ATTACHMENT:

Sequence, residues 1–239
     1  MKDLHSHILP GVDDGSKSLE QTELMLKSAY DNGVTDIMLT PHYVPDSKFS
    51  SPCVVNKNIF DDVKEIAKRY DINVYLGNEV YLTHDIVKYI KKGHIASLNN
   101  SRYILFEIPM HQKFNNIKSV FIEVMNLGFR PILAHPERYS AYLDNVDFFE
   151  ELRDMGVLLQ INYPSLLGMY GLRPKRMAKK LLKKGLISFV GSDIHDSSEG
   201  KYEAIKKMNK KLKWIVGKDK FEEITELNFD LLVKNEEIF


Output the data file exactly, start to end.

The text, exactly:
Sequence, residues 1–239
     1  MKDLHSHILP GVDDGSKSLE QTELMLKSAY DNGVTDIMLT PHYVPDSKFS
    51  SPCVVNKNIF DDVKEIAKRY DINVYLGNEV YLTHDIVKYI KKGHIASLNN
   101  SRYILFEIPM HQKFNNIKSV FIEVMNLGFR PILAHPERYS AYLDNVDFFE
   151  ELRDMGVLLQ INYPSLLGMY GLRPKRMAKK LLKKGLISFV GSDIHDSSEG
   201  KYEAIKKMNK KLKWIVGKDK FEEITELNFD LLVKNEEIF